Harvard Business School professor Ben Edelman has revealed what he says is a new form of click fraud that accomplishes what watchdogs once thought impossible: "A scam that not only simulates valid clicks on a Google ad sold to an advertiser, but seems to result in a real customer who spends money on the advertiser's site," writes Forbes. Says Edelman: "This is a particularly insidious kind of click fraud ... It takes more effort to organize, but it gives the perpetrator the capacity to impose charges in a way that's much harder for the advertiser to notice."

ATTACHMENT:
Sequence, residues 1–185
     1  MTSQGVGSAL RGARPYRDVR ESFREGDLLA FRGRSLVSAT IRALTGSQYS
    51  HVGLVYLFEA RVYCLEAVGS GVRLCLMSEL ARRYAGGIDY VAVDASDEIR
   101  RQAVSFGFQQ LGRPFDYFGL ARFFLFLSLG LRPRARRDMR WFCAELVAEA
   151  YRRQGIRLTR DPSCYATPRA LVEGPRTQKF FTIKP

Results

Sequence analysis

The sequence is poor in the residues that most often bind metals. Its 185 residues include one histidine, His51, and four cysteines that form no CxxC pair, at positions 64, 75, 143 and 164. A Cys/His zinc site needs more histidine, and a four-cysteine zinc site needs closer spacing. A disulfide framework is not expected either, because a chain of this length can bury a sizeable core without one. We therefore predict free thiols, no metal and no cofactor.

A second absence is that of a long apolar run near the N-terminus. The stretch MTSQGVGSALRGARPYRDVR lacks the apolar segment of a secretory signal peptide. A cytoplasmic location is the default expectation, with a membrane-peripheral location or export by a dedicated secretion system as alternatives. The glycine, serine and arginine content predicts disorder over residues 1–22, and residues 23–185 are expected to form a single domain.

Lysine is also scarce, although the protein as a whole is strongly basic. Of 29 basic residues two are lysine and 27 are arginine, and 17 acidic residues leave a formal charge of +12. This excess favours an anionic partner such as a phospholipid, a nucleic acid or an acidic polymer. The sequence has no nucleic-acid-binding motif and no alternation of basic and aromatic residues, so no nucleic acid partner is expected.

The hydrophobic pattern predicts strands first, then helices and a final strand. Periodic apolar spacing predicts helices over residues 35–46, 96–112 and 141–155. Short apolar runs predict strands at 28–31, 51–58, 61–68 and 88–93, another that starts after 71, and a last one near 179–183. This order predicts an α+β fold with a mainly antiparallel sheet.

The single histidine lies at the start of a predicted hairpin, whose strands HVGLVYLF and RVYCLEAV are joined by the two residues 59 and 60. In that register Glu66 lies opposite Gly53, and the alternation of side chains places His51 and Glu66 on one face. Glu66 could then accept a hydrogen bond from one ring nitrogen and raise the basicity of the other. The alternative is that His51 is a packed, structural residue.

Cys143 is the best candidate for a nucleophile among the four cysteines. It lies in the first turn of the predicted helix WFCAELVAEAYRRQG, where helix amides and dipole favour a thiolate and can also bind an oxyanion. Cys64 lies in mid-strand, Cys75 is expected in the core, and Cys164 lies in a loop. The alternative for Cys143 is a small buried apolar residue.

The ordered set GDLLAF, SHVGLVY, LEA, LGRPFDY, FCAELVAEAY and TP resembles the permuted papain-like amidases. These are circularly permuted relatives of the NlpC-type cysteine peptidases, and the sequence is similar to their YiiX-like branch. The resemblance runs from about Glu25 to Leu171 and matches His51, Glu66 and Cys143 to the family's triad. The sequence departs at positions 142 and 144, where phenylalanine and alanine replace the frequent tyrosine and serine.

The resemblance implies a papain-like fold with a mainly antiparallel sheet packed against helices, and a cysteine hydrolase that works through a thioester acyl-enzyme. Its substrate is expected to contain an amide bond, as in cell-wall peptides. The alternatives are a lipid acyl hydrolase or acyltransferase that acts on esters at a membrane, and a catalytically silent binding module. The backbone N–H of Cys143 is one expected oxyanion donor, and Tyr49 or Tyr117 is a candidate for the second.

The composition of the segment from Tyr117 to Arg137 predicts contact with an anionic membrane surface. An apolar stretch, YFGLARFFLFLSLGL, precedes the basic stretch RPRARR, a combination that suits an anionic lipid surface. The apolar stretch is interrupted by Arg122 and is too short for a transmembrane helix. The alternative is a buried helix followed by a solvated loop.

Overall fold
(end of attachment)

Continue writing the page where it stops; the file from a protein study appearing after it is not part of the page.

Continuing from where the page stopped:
Edelman goes on to describe how the complex and stealthy click fraud scheme works, explaining that perpetrators of the fraud -- who run a site called TrafficSolar.com -- make a deal to host Google's pay-per-click ads through a long string of Google affiliate partners, each of which agree to place their ads on other sites in exchange for a share of those ads' revenue. The owners of the site then infect Web surfers' machines with spyware through a common cybercriminal tactic, exploiting a security vulnerability in either Windows XP or Internet Explorer when the user visits a popular, compromised Web site.